FOR IMMEDIATE RELEASE
REED PROFESSOR AWARDED NSF GRANT TO RESEARCH ELECTRICAL UTILITY INDUSTRY
Portland, OR (September 2, 2003)–Reed College associate professor of sociology Marc Schneiberg has been awarded $85,000 by the National Science Foundation (NSF) to support his study, "Private, Public, or Cooperative? Organizational Form and Economic Diversity in the U.S. Electrical Utility Industry, 1900—1950." Four Reed undergraduate sociology students will work with Schneiberg on the project during the next two years.
Historically, Americans have depended mainly on private, "investor owned utility corporations" for generating, transmitting, and distributing electricity. However, these corporations failed to act in the best interest of both consumers and the public, leading consumer groups and reformers to organize local, publicly owned municipal utilities and cooperatives.
Schneiberg will analyze when and how American consumers and business groups can pursue alternatives to private, for-profit provision by large electrical utility corporations. The study will provide information on policy options currently being debated in the industry, notably the use of public ownership and cooperatives to solve regulatory failures in electrical utility markets.
"We clearly face a variety of problems in this critical infrastructure industry, problems that cannot be resolved by private means alone or by blind faith in the market," said Schneiberg. "But the good news is that there are a wide variety of solutions for us to draw on, currently and historically–including public and cooperative utilities, independent local power generation, and more effective regional coordination of existing resources. In fact, there is ample precedent in this industry for using a mix of imagination, public action, private incentives, and local organization to build and rebuild entire power systems."
Schneiberg, on leave from Reed this fall as a visiting scholar at Northwestern University, joined the Reed faculty in 2000. His teaching and research interests include organizations, economic sociology, and institutional analysis. He continues his work on associations, regulation, public enterprise, and cooperatives in insurance and electricity markets, having recently published article manuscripts in the American Journal of Sociology, Sociological Perspectives, and Research in the Sociology of Organizations. Schneiberg received his Ph.D. and M.S. from the University of Wisconsin-Madison and his B.A. from Haverford College.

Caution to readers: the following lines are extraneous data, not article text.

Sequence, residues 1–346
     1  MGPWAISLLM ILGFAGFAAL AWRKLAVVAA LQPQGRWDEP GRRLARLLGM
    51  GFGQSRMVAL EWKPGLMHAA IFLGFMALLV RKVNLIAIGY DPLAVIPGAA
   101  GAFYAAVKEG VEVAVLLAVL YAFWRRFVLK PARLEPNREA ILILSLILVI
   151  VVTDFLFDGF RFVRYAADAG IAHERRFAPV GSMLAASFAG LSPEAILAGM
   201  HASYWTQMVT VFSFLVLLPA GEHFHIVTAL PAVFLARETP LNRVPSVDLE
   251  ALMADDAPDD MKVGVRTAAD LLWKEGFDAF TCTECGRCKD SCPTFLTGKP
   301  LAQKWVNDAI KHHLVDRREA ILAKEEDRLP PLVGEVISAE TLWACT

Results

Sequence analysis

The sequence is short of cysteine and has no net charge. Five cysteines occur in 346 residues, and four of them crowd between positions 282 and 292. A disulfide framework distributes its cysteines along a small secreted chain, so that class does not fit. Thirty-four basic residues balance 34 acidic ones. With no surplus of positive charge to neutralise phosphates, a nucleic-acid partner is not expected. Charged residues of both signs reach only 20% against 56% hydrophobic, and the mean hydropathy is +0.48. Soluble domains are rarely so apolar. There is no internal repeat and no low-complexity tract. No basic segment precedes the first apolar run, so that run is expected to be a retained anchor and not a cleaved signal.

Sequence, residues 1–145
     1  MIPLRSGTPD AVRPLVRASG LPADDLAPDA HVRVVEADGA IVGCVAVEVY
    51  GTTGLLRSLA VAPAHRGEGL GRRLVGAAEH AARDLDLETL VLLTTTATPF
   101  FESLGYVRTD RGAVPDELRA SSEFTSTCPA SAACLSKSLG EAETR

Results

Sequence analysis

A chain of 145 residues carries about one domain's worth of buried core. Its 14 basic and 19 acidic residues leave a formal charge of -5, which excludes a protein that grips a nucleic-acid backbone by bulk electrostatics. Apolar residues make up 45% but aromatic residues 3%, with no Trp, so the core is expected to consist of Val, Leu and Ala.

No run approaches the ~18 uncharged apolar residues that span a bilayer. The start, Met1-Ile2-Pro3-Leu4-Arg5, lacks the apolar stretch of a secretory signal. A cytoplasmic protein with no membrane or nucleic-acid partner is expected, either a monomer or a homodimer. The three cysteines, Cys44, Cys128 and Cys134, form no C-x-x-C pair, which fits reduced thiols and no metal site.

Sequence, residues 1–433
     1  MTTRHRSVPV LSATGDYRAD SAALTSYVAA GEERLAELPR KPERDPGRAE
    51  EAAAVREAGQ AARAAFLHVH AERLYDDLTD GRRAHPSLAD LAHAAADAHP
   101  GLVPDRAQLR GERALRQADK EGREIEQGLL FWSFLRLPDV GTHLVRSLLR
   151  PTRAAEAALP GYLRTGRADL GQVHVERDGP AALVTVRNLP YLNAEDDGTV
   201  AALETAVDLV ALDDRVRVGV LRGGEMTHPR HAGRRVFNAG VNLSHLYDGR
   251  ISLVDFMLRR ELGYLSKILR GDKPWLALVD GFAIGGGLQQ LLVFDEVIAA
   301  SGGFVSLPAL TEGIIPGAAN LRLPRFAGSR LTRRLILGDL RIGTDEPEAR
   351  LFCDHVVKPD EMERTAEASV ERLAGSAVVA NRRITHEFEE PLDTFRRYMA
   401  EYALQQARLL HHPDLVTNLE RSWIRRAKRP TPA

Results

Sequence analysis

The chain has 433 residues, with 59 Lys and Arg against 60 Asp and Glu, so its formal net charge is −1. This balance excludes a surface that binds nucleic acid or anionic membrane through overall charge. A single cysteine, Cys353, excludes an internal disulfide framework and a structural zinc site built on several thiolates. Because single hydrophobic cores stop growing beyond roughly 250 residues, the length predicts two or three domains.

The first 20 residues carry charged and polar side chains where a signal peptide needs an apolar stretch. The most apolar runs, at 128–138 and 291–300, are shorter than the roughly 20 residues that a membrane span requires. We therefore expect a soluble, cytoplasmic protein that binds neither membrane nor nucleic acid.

The National Science Foundation (NSF) is an independent, U.S. government agency that promotes science and engineering through programs that invest over $3.3 billion per year in almost 20,000 research and education projects in science, social science, and engineering. The scholarship of Reed College faculty members and students routinely is recognized through the awarding of NSF grants and fellowships. Most recently among the faculty, associate professor of economics Kimberly Clausing received $115,280 to fund her research on international taxation and the international trade of multinational firms.
Reed College, in Portland, Oregon, is an undergraduate institution of the liberal arts and sciences dedicated to sustaining the highest intellectual standards in the country. With an enrollment of about 1,360 students, Reed ranks third in the undergraduate origins of Ph.D.s in the United States and second in the number of Rhodes scholars from a liberal arts college (31 since 1915).
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